A final proposal for await syntax

As someone who originally was for the foo.await!() and foo@await syntaxes, and vehemently against the field access syntax, this post was originally very concerning. However this post did an excellent job of explaining your position. You did a very good job of covering all major positions not brought up by the team. I now feel that macro syntax is not the way to go, and that a keyword is necessary.

I originally was afraid of the syntax highlighting story, but I forgot that rust employs await as a strict keyword, thus making it trivial for syntax highlighting to work correctly. I also was afraid of potential compiler confusion by not using a special sigil instead of merely dot, but in combination with the opinion of the language team that this syntax should be feasible:

foo.bar(..).baz(..).match {
    Variant1 => { ... }
    Variant2(quux) => { ... }

and the strict keyword restriction, the sigil holds no value to me now, and I now agree, it is just noise. Part of the justification of the sigil was to promote a general pipelining syntax. What is more, this doesn't preclude a potential UMCS feature if needed, and would fit right in.

I now feel after this post that .field syntax is the best possible syntax for rust. I do think, however, there is a lot to discuss about the communication break-down that happened between the language team and the community previous to this.

There's the obvious, the fact that you guys discussed things internally, and already moved passed ideas the community re-argued about even though they were dead in the water. I think that is a rather simple lesson to learn from, log even more ideas you previously considered and rejected.

Then there's the massive confusion on whether await was implemented as a macro, a function, a compiler implemented thingy, and that still exists. I've seen people tell me "this is not a macro" and then say it is more a of a function when it clearly wasn't. We literally have an await macro, and that makes things even more confusing. We have an issue about the error messages of the await macro, and a claim that this why it couldn't be implemented as a macro, and that it was the only reason, it wasn't. You might have wanted to have a post on this in its own right.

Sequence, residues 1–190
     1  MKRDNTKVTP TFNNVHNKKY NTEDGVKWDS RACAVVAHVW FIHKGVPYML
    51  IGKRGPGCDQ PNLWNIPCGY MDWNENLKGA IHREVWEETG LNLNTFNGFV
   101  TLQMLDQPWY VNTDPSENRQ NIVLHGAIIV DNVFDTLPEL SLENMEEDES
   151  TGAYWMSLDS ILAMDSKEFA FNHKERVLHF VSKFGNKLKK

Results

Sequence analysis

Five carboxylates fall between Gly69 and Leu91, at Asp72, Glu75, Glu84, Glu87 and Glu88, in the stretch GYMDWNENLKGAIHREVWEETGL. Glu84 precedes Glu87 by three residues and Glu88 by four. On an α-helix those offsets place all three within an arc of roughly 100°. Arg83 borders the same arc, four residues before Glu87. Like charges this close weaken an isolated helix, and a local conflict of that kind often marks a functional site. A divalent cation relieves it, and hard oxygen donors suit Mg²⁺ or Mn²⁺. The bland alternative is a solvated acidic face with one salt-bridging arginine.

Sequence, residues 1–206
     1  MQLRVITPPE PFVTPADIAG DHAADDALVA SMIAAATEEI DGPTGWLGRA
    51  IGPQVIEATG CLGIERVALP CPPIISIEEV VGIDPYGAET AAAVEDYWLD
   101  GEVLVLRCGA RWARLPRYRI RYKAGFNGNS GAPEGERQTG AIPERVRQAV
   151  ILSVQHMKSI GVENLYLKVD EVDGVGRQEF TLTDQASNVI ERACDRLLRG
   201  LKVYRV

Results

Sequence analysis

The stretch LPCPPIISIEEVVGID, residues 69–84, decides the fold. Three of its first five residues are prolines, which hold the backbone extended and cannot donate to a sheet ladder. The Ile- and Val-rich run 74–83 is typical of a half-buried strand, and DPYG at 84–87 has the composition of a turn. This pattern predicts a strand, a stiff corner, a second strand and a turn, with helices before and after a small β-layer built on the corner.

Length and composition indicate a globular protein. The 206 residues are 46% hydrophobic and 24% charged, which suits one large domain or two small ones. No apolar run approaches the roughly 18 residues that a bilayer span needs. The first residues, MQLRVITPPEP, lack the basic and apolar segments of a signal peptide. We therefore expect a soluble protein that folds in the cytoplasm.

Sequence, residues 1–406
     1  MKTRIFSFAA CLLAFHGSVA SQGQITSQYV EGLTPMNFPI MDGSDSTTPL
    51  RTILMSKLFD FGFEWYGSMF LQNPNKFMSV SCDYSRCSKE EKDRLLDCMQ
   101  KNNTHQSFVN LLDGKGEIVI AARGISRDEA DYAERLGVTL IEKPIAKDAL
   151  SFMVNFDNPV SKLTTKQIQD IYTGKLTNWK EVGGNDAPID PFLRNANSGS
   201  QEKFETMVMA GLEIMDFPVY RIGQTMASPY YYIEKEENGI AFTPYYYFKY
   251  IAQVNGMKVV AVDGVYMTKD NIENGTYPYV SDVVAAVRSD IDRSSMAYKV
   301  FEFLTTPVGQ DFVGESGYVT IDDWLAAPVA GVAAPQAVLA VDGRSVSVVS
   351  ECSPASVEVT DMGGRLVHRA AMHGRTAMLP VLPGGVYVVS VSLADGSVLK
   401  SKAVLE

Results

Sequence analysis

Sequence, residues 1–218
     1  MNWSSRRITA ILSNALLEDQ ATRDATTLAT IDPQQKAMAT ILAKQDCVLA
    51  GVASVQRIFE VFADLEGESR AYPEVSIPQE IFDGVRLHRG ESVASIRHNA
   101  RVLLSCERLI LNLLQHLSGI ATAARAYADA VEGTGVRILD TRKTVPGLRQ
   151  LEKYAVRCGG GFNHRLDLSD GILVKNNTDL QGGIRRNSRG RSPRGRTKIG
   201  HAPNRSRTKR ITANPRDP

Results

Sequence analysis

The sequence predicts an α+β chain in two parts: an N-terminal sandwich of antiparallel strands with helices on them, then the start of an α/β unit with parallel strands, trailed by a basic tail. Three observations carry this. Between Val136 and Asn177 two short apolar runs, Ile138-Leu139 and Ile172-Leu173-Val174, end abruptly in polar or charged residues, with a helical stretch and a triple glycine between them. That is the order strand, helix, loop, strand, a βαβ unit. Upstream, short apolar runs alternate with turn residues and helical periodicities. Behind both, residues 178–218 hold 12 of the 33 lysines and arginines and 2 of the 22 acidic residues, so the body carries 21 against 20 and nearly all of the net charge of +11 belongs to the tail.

The least straight forward communication failure to fix is how opaque the issues are around rusts tool-set, and how the compiler, well, actually works. With out a zeitgeist of community understanding of how the rust compiler actually works, we can't know the potential parsing issues, we either have to take the language teams word for it that "X isn't going to be a parsing issue", apply our knowledge from what other compilers do, or be an expert on rusts compiler in our own right. What is more concerning, is that the community has no collective idea about the issues of the proposals they themselves brought forth. Solutions that just won't work for one reason or another will have runaway support. With things like space await syntax, we just aren't going to know anything like this:

  • Postfix space expressions can cause problems with compiler recovery when the user omits a necessary semicolon (that is, they can result in the compiler giving much less helpful error messages); we’d like to avoid them without a compelling motivation.

with out compiler knowledge. And what is more, we are now going to hold your word as scripture. We will likely apply this logic to where it doesn't belong at all, causing more confusion. Knowledge about compiler restrictions and how hard it is to do, or modify something in the compiler needs to be more common, and that just isn't happening, even with the compiler team videos. You don't need to have everyone understand it, but you do need to have more people be able to give educated arguments on why you can or can't do something because of the compiler.